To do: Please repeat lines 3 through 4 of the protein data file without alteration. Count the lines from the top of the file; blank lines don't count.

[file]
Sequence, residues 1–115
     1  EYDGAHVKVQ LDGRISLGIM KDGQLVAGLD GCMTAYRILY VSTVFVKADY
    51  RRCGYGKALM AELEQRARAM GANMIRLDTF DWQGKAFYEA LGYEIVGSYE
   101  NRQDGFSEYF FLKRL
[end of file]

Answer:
    51  RRCGYGKALM AELEQRARAM GANMIRLDTF DWQGKAFYEA LGYEIVGSYE
   101  NRQDGFSEYF FLKRL